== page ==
What is Power of Attorney?

Written by Julia on October 20, 2015

In simple terms, a Power of Attorney is a legal document that gives one person the legal power to make financial or medical decisions for another. This often means allowing adult children to make important decisions for aging parents, who may no longer be capable of handling their own decisions. The power of attorney can be an invaluable tool in family eldercare situations.

Nature of Powers of Attorney

Powers of attorney can be medical or financial.

A financial power of attorney covers all aspects of finances, from paying bills and handling bank accounts to managing or selling real estate.

A medical power of attorney covers healthcare decisions.

A general power of attorney covers both.

Length of Powers of Attorney

Powers of attorney can be short- or long-term, and can even be written so that they only go into effect under certain circumstances. While they are most often used when someone is chronically incapacitated or terminally ill, they’re important legal documents. They should be a routine part of estate planning.

What types of Powers of Attorney are there?

Powers of attorney come in three varieties:

Durable power of attorney

This goes into effect the moment it is signed and stays in effect for the rest of the grantor’s (the person who is giving the power of attorney to someone else) life unless he or she revokes it. It remains in effect even if the grantor becomes incapacitated and unable to make his or her wishes known.

Non-durable power of attorney

This also goes into effect immediately after it is signed. However, it becomes void if the grantor becomes incapacitated.

Springing power of attorney

This goes into effect upon a specific date, or when specific predetermined conditions are met. For instance, you may specify that a springing power of attorney go into effect if you are incapacitated for more than one month, or if you are declared incompetent, or in whatever situation you feel is appropriate.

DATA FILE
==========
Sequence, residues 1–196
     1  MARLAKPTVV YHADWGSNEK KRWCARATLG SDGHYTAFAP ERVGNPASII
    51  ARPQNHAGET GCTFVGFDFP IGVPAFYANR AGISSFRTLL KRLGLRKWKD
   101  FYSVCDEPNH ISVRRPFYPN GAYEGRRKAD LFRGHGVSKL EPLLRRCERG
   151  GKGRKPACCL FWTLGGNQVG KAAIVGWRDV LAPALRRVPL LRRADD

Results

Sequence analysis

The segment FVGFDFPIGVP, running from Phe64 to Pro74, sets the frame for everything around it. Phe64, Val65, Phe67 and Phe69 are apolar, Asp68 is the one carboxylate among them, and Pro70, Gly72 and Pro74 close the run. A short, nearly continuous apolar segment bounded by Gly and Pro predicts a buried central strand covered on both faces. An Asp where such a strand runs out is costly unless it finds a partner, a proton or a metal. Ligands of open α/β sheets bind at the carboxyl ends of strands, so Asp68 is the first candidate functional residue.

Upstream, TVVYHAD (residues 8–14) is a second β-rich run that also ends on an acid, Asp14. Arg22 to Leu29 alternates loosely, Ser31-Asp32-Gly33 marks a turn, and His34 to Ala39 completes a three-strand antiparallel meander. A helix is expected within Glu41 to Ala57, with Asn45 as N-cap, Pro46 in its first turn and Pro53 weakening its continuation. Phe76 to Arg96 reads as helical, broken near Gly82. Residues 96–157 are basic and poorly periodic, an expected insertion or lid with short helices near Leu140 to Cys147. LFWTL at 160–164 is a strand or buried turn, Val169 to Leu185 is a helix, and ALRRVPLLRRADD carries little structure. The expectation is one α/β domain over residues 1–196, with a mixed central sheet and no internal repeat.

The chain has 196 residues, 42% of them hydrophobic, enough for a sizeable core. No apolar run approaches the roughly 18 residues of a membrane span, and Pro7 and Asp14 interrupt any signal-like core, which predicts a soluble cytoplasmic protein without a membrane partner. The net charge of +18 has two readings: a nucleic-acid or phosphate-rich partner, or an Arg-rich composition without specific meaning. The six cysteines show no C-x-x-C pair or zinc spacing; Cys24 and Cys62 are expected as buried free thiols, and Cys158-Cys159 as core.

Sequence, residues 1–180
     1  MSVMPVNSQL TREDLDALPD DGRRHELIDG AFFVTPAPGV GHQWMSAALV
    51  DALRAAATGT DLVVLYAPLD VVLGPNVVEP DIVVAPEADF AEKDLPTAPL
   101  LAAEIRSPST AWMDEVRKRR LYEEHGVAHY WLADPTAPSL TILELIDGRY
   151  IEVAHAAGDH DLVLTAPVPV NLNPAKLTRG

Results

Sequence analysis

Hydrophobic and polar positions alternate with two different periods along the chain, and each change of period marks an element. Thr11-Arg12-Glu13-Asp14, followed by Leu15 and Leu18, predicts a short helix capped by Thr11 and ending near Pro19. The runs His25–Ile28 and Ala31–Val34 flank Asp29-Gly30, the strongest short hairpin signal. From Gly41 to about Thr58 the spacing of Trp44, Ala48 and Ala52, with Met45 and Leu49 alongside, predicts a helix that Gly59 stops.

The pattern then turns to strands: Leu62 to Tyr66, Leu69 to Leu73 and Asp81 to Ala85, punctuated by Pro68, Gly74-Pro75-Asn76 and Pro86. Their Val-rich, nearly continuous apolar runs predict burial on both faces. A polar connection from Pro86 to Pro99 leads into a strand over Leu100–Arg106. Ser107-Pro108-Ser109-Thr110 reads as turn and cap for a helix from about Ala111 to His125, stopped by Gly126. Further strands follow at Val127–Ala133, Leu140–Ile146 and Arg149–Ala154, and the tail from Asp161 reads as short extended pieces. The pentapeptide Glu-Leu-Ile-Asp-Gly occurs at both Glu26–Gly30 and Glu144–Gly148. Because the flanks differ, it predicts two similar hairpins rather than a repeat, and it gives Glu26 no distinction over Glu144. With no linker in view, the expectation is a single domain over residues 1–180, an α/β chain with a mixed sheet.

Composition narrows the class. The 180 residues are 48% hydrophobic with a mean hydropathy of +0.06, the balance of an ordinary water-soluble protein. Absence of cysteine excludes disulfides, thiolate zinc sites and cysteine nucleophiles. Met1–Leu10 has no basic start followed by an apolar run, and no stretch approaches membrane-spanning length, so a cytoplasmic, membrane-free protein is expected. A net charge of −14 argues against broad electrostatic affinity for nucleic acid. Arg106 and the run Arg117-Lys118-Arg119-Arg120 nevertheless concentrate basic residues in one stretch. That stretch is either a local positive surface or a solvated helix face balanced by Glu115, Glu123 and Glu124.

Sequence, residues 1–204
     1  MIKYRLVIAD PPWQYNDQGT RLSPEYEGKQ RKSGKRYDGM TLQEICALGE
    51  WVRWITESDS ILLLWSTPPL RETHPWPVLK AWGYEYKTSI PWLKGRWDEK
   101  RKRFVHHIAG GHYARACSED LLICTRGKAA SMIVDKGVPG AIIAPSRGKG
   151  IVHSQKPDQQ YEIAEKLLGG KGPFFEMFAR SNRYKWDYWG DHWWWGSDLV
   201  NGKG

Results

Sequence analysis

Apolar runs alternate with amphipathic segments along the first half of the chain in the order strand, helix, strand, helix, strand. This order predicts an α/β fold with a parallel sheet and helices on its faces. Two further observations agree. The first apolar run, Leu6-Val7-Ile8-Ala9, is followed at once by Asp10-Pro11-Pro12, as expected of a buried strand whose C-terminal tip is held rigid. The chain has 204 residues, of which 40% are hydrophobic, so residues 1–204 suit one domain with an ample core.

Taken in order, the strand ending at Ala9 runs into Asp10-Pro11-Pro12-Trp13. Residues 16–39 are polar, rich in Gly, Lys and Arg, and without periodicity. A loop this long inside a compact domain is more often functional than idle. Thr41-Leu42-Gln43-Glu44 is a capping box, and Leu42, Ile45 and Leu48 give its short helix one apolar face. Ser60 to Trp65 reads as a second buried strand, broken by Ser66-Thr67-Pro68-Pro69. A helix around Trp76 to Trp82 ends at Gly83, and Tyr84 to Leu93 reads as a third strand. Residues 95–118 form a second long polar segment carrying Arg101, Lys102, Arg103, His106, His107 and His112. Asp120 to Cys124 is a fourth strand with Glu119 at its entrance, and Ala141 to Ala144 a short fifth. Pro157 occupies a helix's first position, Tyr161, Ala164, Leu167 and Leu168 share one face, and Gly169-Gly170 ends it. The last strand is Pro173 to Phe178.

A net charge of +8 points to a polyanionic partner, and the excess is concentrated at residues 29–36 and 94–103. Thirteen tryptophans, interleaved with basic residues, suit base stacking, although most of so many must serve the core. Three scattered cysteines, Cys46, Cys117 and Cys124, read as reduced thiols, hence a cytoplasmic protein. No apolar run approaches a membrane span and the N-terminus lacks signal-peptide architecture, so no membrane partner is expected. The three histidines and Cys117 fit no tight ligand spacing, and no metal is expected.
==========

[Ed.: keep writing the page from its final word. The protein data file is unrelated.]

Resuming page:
It gives you more control than the other types. It remains in effect indefinitely unless otherwise specified in the conditions.

When should you consider a power of attorney?

Just like making a will or setting up a trust, the best time for drawing up a power of attorney is before it’s needed. Choosing the best person on whom to bestow power of attorney is a decision that should not be taken lightly. Ideally the conversation should happen long before there’s any need to hand over decision-making power.

A power of attorney document doesn’t go into effect until it is signed, witnessed, and notarized. Therefore, it can be be drawn up months or even years in advance, to only be finalized when and if the need ever arises.

How to Converse About Power of Attorney

A good time to talk about the issue is in conjunction with other eldercare or estate planning issues. Also, bring topic up when talking about health issues.

How you approach the issue depends on your particular circumstances. However, a good way to frame the issue is in terms of love and care. “I love you, Mom/Dad. I’d like to know that if anything ever happens, and you can’t tell me what you want, that we have a plan.”

Get expert advice

A power of attorney is an extremely powerful document, and having it drawn up by an elder law attorney or through an online legal site is highly recommended. Like with most emotional decisions, it’s easy to overlook important issues. An impartial expert can assure that there are no legal loopholes that leave it open to challenge.